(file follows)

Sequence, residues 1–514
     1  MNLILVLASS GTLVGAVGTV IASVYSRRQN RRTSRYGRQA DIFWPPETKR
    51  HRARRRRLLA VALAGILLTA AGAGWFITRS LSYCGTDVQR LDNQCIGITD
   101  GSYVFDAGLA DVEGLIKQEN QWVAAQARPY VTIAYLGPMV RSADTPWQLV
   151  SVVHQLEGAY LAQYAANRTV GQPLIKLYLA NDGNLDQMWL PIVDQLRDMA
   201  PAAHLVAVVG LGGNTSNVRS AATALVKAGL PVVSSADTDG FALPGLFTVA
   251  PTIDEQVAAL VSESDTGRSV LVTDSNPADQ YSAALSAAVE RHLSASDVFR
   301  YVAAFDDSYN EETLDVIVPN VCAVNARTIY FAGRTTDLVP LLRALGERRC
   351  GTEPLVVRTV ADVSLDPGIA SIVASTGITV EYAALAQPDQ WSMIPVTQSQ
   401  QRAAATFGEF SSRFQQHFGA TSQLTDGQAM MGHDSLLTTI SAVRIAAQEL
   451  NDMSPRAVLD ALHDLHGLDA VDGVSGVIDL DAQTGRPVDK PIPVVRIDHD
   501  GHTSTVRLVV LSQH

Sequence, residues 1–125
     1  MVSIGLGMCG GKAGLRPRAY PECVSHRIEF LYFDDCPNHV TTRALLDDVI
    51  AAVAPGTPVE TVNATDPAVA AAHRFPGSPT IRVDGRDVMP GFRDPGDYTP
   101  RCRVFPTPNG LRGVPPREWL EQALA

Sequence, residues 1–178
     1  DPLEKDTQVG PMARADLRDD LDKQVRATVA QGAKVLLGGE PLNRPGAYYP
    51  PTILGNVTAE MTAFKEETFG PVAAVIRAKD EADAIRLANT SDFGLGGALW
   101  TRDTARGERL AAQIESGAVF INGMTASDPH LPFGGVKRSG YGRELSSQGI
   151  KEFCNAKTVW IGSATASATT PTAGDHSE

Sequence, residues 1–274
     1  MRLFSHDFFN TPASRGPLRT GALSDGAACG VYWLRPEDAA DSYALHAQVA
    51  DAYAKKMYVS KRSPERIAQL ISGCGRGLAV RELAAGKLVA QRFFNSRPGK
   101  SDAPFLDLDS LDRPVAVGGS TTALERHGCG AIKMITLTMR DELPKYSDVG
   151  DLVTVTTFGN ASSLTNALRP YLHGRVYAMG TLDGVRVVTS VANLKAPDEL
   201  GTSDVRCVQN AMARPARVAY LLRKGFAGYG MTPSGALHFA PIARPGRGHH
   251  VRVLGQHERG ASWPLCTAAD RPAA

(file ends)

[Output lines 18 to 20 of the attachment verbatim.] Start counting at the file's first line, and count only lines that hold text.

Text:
     1  DPLEKDTQVG PMARADLRDD LDKQVRATVA QGAKVLLGGE PLNRPGAYYP
    51  PTILGNVTAE MTAFKEETFG PVAAVIRAKD EADAIRLANT SDFGLGGALW
   101  TRDTARGERL AAQIESGAVF INGMTASDPH LPFGGVKRSG YGRELSSQGI